The ball-tampering incident in Newlands, Capetown, earlier this year triggered pandemonium in Australian cricket, which saw one-year bans each for Steve Smith and David Warner, and nine months for Cameron Bancroft. Reviews were commissioned and heads rolled.
A review into Cricket Australia's corporate culture led to an exodus of personnel including chairman David Peever, executive general manager (EGM) of team performance, Pat Howard, EGM of broadcasting and commercial, Ben Amarfio, and long-serving board member Mark Taylor.
There are tricky times ahead for CA's new chief operating officer Kevin Roberts, even as the management tries to find its feet after being exposed to the repercussions of an acute error of judgement. The upheaval, however, isn't merely of a managerial kind.
Since the ill-fated Test series versus South Africa, which Australia lost 1-2, the men in baggy green, led by new skipper Tim Paine, have played two five-day matches against Pakistan in Abu Dhabi, drawing the first while losing the second by 373 runs. The numbers in the ODI format are less flattering, with Australia losing 11 of the 13 games played this year.
It is against this tumultuous backdrop that Australia will host India in three T20Is, four Tests and three ODIs. "It's (India series) highly significant, not least for the five-day format itself, after some decidedly forgettable home Test series," cricket writer, Gideon Haigh, tells Sportstar.
"Although Australia's first-choice attack is world class, the batting is thin, and India will not have a better chance to knock the home team over."
Haigh, in his latest book Crossing the Line: How Australian cricket lost its way , conducts his own "less official and far cheaper but genuinely independent" cultural review in the wake of the ball-tampering scandal, also dubbed sandpaper-gate.
"Bancroft was encouraged in a belief that unswerving and unthinking obedience was de rigueur," Haigh says.
Australian teams in the past have often been criticised for taking offence at the slightest of provocations, while not having any such problems in dishing out their brand of aggressive cricket.
From Steve Waugh, to Ricky Ponting to Michael Clarke, the baton of leadership was underlined by an iron-fisted approach and intimidatory reputation. Haigh, however, feels the current crop of players is an exception to that long-standing tradition.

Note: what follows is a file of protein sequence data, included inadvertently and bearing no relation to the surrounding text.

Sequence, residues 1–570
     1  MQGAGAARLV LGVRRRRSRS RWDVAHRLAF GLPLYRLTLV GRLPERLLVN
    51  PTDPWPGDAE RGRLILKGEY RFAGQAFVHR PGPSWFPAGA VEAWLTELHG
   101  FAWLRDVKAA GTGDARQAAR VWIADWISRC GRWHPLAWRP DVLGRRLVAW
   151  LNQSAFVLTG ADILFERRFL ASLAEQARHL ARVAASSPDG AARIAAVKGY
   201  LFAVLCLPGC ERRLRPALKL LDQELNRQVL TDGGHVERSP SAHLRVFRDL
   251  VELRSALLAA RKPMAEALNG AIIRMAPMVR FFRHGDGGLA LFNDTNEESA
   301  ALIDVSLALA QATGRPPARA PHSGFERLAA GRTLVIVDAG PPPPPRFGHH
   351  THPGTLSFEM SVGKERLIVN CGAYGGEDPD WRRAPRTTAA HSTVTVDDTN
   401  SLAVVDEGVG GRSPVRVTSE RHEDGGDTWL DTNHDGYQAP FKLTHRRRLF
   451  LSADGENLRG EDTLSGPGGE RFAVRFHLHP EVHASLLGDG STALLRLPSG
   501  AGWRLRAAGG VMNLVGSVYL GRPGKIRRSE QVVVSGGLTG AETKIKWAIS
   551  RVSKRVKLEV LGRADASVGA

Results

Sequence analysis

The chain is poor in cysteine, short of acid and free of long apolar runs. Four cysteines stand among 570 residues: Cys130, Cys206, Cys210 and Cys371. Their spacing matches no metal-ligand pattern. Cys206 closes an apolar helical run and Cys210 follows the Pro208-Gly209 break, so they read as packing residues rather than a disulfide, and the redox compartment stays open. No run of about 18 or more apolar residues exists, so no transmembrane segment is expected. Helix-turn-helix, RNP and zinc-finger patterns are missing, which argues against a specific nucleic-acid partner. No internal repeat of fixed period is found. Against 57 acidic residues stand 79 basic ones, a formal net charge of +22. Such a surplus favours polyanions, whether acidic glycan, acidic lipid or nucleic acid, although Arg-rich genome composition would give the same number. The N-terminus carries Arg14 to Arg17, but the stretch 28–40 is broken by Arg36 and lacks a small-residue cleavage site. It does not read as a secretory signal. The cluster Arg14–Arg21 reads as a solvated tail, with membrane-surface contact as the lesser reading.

"It's certainly true that (Darren) Lehmann as coach believed that Australian teams played best when they were uninhibitedly aggressive, even unpleasant. But I'm not sure that behaviour came naturally to members of this (Tim Paine-led) team, as it did to the teams led by (Steve) Waugh and (Ricky) Ponting.
"The likes of (David) Warner and (Matthew) Wade aside, players aped behaviours because they were approved rather than following their instincts," he says.
Haigh concurs with former wicketkeeper Ian Healy's contention that Australia's excessive aggression in recent years was due to a "lack of confidence in their skill".
"I think that's well put by Heals. Lehmann strongly espoused an 'Australian way', which linked assertive and virile cricket to positive body language, an urge to dominate, a desire to entertain and a willingness to confront. Australia's skills, especially away from home, have not measured up. It has been cricket trying to measure up to a pre-determined style, rather than a style naturally emerging from cricket," Haigh says.
Incidentally, Cricket Australia on Tuesday upheld the bans on Smith, Warner and Bancroft.
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